Getting Perspective

Yesterday, after missing my yoga class, things started to get better.

I started to clear out. I emptied a room that was full of rubbish and started to create a zone of my own. My room has a lovely view, lots of space and a peaceful energy. I took some time out to do some meditation and accept the emotions I was feeling. It helped. I had a cry. That helped. I ate a salad. That helped. I lay in the sunshine and fell asleep. That helped. I decided not to do the chores I had planned and found a hike to do instead. That helped a lot.

I powered up a very steep hill on a rocky unstable path. The trail was covered by beautiful deep green forest and strikes of sunlight. After 2 miles of peaceful nature I felt regenerated. My legs still felt weak and my heart was beating fast. But my soul was at peace.

From the peak of my mountain I enjoyed watching paragliders use the wind that had unsteadied them to launch off into the blue above the view. On the ground those fragile bodies, tied to a billowing canopy, were tentative and unstable. In the air they were graceful and free. They soared and circled in unpredictably beautiful ways.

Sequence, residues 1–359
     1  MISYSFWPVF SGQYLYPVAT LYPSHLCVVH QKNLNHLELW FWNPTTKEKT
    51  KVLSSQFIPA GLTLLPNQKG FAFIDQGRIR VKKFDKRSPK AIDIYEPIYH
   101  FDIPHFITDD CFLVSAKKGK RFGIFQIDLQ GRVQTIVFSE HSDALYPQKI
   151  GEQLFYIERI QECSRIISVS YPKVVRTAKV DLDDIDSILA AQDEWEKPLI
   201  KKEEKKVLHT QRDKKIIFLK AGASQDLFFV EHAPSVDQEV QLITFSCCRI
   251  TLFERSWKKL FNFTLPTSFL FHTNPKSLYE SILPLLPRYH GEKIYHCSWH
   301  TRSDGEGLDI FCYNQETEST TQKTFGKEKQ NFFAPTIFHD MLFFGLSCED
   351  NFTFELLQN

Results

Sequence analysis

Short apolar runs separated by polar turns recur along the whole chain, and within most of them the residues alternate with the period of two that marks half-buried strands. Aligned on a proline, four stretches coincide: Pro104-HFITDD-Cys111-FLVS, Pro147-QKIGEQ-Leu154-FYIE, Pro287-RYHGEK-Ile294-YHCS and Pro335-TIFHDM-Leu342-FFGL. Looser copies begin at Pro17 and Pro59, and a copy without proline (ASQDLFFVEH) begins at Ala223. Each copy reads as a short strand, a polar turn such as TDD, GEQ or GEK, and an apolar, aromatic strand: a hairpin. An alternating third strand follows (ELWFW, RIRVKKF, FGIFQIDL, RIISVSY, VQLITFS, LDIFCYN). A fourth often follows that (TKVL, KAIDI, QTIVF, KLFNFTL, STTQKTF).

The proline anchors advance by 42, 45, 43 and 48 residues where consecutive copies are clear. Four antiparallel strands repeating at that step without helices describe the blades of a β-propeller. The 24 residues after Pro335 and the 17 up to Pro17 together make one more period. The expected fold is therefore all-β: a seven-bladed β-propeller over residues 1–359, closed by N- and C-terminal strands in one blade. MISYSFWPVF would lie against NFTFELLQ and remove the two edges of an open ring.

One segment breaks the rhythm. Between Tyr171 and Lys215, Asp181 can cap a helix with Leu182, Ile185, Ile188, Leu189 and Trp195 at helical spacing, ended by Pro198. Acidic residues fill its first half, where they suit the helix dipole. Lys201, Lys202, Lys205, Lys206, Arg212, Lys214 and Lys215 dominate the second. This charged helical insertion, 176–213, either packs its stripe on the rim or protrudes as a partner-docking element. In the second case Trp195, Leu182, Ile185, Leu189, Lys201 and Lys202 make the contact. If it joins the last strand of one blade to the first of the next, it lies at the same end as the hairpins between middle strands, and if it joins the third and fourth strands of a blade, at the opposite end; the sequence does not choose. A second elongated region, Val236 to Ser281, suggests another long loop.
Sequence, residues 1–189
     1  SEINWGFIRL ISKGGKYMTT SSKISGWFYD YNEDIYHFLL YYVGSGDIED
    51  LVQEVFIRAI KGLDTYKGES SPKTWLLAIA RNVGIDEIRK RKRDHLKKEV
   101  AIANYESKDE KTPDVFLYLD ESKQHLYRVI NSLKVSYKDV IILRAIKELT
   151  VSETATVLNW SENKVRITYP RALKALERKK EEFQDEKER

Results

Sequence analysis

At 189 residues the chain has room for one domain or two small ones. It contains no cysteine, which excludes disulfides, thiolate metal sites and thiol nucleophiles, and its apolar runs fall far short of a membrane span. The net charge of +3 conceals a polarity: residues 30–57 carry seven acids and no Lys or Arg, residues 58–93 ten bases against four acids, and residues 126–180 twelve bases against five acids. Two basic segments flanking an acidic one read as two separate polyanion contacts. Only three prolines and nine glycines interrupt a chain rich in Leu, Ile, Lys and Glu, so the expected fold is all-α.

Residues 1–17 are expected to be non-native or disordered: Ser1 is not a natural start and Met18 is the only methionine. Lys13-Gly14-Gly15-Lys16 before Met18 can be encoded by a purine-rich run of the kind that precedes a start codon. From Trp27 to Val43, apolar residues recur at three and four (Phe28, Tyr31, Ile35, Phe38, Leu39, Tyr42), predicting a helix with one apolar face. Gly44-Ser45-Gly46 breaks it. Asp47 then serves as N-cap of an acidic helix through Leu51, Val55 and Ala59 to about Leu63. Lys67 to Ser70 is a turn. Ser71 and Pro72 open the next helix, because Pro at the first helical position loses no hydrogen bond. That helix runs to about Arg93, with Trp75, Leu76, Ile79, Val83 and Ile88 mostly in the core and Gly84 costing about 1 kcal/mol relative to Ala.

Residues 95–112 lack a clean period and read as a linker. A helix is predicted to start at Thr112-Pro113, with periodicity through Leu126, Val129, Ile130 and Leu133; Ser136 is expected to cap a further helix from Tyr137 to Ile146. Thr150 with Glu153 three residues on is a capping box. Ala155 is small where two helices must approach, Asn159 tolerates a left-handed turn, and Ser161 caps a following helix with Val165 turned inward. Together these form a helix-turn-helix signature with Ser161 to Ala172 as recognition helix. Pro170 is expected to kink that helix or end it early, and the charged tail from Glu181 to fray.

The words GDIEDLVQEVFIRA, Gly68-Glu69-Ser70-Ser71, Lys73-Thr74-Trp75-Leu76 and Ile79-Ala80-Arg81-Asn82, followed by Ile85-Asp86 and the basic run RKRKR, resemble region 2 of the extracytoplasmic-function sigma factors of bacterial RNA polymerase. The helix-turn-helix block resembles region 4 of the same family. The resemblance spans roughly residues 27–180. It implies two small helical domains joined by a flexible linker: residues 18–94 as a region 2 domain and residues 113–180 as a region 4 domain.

On the way up I realised that the feeling in my chest was the same one I’d endured for weeks before we left the UK. I used to feel it on my way to work most frequently, because that was the longest pause I had in my life. Then it was accompanied by fear and anticipation, which felt exciting. Now I’m feeling it for whole days at a time, and it’s real. That weight in my chest is the loss of friends and fun connection. It’s the absence of family and familiar conversation.

Now I’ve given it a name I know how to play with it. I can release it. I let it go as the wind blew across me on my mountain top.

As I ran down the trail back through the trees, over roots and rocks, I felt free and jubilant. It feels hard to live without that love in my life, but I’m grateful to be loved and to love. I’m free to be who I want to here and I don’t need to accept any expectations of what I “should” be doing. I have something valuable to offer and it is enough, as I am, each day.